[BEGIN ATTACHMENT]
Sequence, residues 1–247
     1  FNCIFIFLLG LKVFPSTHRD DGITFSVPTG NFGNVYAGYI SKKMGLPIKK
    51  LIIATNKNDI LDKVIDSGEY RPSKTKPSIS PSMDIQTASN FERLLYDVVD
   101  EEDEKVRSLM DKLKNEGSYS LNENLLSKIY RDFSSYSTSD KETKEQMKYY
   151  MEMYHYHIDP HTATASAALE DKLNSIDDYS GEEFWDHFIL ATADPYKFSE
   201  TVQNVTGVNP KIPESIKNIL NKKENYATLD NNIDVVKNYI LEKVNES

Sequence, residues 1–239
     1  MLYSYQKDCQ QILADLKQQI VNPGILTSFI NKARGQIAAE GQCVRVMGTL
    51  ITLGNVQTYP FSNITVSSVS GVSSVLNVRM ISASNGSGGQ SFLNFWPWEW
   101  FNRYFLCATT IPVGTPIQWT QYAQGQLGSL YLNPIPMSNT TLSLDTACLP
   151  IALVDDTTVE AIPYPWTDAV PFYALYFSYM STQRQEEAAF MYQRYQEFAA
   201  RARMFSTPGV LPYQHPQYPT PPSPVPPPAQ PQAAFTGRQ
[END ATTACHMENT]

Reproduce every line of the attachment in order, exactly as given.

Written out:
Sequence, residues 1–247
     1  FNCIFIFLLG LKVFPSTHRD DGITFSVPTG NFGNVYAGYI SKKMGLPIKK
    51  LIIATNKNDI LDKVIDSGEY RPSKTKPSIS PSMDIQTASN FERLLYDVVD
   101  EEDEKVRSLM DKLKNEGSYS LNENLLSKIY RDFSSYSTSD KETKEQMKYY
   151  MEMYHYHIDP HTATASAALE DKLNSIDDYS GEEFWDHFIL ATADPYKFSE
   201  TVQNVTGVNP KIPESIKNIL NKKENYATLD NNIDVVKNYI LEKVNES

Sequence, residues 1–239
     1  MLYSYQKDCQ QILADLKQQI VNPGILTSFI NKARGQIAAE GQCVRVMGTL
    51  ITLGNVQTYP FSNITVSSVS GVSSVLNVRM ISASNGSGGQ SFLNFWPWEW
   101  FNRYFLCATT IPVGTPIQWT QYAQGQLGSL YLNPIPMSNT TLSLDTACLP
   151  IALVDDTTVE AIPYPWTDAV PFYALYFSYM STQRQEEAAF MYQRYQEFAA
   201  RARMFSTPGV LPYQHPQYPT PPSPVPPPAQ PQAAFTGRQ